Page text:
(Pi4 power adapter is 15.3W https://www.raspberrypi.org/products/ty ... er-supply/).

What length and gauge of wire are you using for power? The Pi4 power adapter uses a 1.5m 18AWG cord to ensure adequate power.
Imperf3kt wrote: It should work as long as the ravpower device has one regulator between two ports.
If there is only one regulator circuit for both ports then either port can deliver full power. So there should be no need to use two ports (unless you need to halve the milliohms of contact resistance in the USB connectors)

I am using a USB 3.1 cable retrofitted and shortened for this application. I have heard horror stories of slight voltage variance causing the competing power sources to literally kill each other. In my mind it probably isn't worth it.

The only times I was getting low voltage alerts was when I was using a sub-standard PSU, and had my LTE, GPS, keyboard all plugged in. Haven't really had a problem on the single port with just the GPS and LTE module activated. I do have the onboard WiFi and BT disabled too.

In response to your last point, I think there are two regulators. From what I read, each port on the device delivers 15 or 20W @ 5VDC, but I would verify first. It is a RavPower USB 12V -> 5V accessory power supply
Last edited by barrychapman on Wed Oct 02, 2019 2:43 am, edited 1 time in total.

barrychapman
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Re: Power demands

Wed Oct 02, 2019 2:40 am

itimpi wrote:
Mon Sep 30, 2019 8:12 pm
Why do you think you do not want a Y-Cable? The standard use of a Y-Cable is to take the power from 2 USB ports into a single device that requires more power than a single USB3 port can provide. In the past this was often used for 2.5” hard drives although modern ones are less power hungry and thus do not need Y-cables.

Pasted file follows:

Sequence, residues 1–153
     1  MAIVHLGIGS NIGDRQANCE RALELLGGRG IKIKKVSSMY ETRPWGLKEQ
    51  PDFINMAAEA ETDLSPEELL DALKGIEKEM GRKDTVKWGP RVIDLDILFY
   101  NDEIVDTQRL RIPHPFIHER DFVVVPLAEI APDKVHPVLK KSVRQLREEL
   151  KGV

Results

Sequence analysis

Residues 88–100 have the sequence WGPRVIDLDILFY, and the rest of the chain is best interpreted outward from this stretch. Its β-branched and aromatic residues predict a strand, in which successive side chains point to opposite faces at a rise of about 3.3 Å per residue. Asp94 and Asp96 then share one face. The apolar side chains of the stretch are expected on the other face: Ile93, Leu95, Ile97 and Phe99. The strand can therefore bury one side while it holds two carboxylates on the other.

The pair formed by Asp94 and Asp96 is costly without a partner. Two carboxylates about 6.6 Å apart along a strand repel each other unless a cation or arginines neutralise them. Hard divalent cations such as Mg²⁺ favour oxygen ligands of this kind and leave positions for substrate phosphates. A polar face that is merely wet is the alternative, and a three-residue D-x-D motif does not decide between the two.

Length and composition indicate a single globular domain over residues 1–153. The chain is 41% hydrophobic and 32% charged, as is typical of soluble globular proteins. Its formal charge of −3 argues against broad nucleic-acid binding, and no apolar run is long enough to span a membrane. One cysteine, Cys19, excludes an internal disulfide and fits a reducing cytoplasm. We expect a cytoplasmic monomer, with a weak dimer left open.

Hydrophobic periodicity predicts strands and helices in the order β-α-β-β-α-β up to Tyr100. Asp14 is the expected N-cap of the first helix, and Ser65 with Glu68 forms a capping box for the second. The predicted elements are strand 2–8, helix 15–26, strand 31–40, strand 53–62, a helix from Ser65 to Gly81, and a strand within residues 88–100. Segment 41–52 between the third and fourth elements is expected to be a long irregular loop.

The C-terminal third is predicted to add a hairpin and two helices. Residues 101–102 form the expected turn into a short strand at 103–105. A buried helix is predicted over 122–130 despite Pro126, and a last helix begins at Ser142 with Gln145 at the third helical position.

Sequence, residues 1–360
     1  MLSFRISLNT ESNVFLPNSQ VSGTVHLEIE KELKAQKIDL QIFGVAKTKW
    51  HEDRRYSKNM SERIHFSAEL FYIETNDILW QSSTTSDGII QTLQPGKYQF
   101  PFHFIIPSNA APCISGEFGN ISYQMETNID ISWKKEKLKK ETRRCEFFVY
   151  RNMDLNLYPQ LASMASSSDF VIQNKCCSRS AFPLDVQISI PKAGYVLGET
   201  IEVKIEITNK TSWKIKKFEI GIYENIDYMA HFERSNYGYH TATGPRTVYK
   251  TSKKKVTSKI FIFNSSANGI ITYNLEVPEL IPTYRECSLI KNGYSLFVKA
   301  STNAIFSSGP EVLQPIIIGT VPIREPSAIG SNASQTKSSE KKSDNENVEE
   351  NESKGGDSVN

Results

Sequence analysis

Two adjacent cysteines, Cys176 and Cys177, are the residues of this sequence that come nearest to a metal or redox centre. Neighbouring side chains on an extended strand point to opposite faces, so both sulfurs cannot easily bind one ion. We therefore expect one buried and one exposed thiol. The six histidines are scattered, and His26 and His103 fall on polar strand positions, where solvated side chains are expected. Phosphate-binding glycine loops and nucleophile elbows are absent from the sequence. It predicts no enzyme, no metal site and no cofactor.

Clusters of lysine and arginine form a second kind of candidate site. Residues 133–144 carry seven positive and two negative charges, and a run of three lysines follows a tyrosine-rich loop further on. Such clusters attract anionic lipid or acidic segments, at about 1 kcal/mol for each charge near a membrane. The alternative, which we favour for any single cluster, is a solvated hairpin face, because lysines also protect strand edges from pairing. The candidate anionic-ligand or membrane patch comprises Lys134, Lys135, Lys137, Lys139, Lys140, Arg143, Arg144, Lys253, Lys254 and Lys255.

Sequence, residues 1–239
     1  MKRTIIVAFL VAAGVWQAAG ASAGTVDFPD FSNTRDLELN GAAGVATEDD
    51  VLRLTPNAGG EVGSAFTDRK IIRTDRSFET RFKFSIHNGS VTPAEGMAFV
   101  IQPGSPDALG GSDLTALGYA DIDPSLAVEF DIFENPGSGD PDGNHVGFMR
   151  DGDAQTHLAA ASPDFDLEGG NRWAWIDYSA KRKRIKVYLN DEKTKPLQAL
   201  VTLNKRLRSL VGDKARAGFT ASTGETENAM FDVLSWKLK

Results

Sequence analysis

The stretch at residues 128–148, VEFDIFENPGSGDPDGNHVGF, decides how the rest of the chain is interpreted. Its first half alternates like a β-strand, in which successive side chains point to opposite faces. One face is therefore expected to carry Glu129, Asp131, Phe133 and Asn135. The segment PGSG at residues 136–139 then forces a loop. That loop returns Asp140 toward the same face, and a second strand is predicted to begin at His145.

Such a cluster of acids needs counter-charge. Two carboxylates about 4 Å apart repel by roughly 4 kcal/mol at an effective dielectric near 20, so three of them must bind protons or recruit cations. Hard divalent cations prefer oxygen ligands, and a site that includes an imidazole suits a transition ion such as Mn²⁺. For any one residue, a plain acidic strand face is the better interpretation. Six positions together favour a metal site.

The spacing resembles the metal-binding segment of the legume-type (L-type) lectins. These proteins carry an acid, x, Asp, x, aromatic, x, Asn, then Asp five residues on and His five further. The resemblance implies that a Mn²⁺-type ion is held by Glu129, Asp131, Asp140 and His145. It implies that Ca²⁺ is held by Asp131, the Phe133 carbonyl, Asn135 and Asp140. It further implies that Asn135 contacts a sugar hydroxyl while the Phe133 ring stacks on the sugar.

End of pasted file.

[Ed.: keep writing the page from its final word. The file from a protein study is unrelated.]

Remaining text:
because even a slight variance in voltage between the ports could cause them to do battle til the death, not what i want to have happen. It could cause the Pi to get caught in crossfire, or worse set the bus on fire.

Neither of which are favorable scenarios

barrychapman
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Joined: Thu Oct 25, 2018 2:55 am

Re: Power demands

Wed Oct 02, 2019 2:43 am

Imperf3kt wrote:
Mon Sep 30, 2019 9:42 pm
It should work as long as the ravpower device has one regulator between two ports.
If it has one regulator per port then there may be conflicts between the two supplies while they "fight" each other if the voltages are slightly different
Sorry just saw this post for some reason. This is exactly my concern. Slight variances could kill both PSU's

Paul Hutch
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Re: Power demands

Wed Oct 02, 2019 3:33 am

barrychapman wrote:
Wed Oct 02, 2019 2:39 am
I am using a USB 3.1 cable retrofitted and shortened for this application.
Check the gauge of the wire, many USB 3.1 cables have thin power conductors (26 AWG or smaller). A 0.5m 26AWG cable will drop 0.4V @ 3A which with a nominal 5V supply will definitely be a problem. Even a 24AWG 0.5m cable will drop 0.25V @3A and when you add in the voltage drop of the connectors it often is a problem.